This week marks the 25-year anniversary of the passing of the Americans with Disabilities Act. As others have noted, the law was ground-breaking not only because of its international ripple effect, but because it recognized disability not as an issue of health, but of human rights.
Author of the bill, Robert L. Burgdorf, Jr. writes in The Washington Post why this was so necessary:
People with disabilities were routinely denied rights that most members of our society take for granted, including the right to vote (sometimes by state law, other times by inaccessible polling places), to obtain a driver’s license, to enter the courts and to hold public office. Many states had laws prohibiting marriage by, and permitting or requiring involuntary sterilization of, persons with various mental or physical conditions, particularly intellectual disability, mental health conditions and epilepsy. A number of states restricted or denied the right of people with mental disabilities to enter into contracts. Several U.S. cities, including Chicago, Columbus and Omaha, had what became known as “ugly laws” that banned from streets and public places people whose physical condition or appearance rendered them unpleasant for other people to see. These laws were actually enforced as recently as 1974, when a police officer arrested a man for violating Omaha’s ordinance.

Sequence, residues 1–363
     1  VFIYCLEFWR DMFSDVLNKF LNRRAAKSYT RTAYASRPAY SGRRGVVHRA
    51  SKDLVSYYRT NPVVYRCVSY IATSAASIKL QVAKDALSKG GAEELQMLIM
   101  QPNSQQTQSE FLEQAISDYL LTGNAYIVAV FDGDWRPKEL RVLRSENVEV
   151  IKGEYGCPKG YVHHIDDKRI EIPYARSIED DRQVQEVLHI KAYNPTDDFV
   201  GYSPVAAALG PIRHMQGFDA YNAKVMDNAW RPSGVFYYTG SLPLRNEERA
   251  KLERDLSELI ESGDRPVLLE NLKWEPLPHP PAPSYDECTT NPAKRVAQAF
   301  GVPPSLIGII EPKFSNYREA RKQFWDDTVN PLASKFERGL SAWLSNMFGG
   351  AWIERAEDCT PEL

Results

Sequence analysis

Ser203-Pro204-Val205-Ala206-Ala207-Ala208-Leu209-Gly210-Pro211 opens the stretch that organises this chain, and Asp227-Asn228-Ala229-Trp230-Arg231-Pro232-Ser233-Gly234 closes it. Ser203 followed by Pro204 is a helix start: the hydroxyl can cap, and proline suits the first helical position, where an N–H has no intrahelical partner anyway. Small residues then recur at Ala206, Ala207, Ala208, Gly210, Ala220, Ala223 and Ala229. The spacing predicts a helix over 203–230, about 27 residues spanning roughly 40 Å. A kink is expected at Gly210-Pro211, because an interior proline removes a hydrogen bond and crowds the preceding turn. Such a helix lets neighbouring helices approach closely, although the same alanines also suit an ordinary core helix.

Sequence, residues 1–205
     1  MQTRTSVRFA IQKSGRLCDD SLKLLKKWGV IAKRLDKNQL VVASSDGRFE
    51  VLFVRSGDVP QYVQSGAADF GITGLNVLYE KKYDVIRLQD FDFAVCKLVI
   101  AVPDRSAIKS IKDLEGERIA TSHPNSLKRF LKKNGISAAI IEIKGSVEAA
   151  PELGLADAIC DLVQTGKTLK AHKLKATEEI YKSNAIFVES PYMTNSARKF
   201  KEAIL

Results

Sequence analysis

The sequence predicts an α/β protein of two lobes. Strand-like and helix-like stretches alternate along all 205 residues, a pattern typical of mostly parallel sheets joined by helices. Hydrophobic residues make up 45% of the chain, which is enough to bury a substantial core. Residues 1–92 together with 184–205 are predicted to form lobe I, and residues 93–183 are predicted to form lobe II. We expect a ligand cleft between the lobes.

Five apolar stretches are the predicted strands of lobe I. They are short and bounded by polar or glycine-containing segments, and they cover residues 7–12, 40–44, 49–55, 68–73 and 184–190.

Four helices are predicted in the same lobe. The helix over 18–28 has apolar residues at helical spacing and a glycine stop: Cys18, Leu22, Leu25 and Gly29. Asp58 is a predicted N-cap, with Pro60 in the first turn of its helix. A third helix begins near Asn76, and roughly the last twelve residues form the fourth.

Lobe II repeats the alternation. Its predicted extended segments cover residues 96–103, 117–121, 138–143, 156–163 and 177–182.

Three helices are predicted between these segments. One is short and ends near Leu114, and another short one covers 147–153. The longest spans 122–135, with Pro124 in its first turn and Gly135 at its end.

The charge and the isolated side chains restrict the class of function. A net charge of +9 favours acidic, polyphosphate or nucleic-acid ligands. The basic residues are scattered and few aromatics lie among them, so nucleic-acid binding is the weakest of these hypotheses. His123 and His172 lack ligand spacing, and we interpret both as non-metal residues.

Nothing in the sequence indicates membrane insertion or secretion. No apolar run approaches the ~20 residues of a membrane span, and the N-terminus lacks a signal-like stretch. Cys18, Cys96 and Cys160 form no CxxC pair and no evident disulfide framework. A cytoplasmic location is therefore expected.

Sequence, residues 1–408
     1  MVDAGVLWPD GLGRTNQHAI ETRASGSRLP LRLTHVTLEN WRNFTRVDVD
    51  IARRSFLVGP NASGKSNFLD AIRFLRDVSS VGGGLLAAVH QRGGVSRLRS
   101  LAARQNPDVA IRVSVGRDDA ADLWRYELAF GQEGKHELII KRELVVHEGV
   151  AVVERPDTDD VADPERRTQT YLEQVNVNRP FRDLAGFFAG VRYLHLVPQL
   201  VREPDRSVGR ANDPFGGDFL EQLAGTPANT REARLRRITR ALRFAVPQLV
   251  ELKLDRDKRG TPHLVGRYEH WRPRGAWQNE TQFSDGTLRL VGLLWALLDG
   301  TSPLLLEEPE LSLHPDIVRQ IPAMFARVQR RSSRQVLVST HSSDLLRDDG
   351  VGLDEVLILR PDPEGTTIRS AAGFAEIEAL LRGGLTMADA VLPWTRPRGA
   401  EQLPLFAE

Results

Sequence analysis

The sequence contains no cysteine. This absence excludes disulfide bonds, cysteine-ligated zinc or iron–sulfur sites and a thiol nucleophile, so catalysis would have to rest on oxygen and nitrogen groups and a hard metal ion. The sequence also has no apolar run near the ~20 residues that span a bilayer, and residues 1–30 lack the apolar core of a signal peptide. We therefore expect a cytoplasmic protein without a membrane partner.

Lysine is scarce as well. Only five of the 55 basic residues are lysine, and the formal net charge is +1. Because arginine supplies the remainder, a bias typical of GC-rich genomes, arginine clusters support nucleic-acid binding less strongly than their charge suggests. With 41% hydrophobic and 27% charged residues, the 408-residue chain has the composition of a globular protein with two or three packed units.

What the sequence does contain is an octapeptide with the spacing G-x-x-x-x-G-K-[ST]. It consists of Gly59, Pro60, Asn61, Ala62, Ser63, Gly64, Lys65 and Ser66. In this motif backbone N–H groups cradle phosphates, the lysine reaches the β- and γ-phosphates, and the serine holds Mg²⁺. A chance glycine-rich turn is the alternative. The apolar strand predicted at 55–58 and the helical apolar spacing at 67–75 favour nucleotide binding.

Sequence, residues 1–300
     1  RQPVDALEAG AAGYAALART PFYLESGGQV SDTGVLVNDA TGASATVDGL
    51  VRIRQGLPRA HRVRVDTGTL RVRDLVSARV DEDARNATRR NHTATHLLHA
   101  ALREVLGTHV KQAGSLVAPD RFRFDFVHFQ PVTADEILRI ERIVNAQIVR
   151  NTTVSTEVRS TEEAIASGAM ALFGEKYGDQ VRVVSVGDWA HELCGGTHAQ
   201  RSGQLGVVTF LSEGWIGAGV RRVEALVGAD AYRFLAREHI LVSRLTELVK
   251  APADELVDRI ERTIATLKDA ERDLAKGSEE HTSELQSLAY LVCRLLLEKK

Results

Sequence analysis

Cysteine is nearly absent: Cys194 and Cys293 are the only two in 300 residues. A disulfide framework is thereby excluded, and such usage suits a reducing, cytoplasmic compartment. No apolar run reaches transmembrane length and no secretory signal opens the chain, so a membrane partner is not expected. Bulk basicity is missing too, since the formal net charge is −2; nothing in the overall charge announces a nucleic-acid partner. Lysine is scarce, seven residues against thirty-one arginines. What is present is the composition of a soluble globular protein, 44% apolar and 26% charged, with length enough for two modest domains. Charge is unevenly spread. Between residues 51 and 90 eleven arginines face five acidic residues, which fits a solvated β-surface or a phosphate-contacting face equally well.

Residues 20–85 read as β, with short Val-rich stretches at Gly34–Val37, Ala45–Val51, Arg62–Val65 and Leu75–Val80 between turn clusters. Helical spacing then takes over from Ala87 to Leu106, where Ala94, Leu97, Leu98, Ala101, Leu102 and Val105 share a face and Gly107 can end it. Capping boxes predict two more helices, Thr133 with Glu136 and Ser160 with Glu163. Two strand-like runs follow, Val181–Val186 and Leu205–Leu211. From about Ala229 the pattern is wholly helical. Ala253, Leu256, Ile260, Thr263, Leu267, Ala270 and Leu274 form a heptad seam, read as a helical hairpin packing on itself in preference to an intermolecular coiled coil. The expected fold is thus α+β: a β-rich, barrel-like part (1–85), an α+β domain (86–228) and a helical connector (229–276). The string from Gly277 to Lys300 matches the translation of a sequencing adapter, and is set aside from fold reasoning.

In some instances, discrimination threatened the very lives of individuals with disabilities: Lifesaving medical treatments that would routinely have been made available to other patients were denied to patients with disabilities; in 1974, the New York Times cited an estimate that unnecessary deaths of babies with disabilities in the U.S. resulting from withholding of medical treatment numbered in the thousands each year.
Things have improved substantially, which is cause for celebration. But not complacency. Which is why NPR’s article “Why Disability and Poverty Still Go Hand-In-Hand” is well worth your time, as is the above TED Talk by the late, great Stella Young, whose unexpected death last winter was a tremendous loss to the disability rights movement and to anyone who enjoys a good dose of sarcasm with their social critique.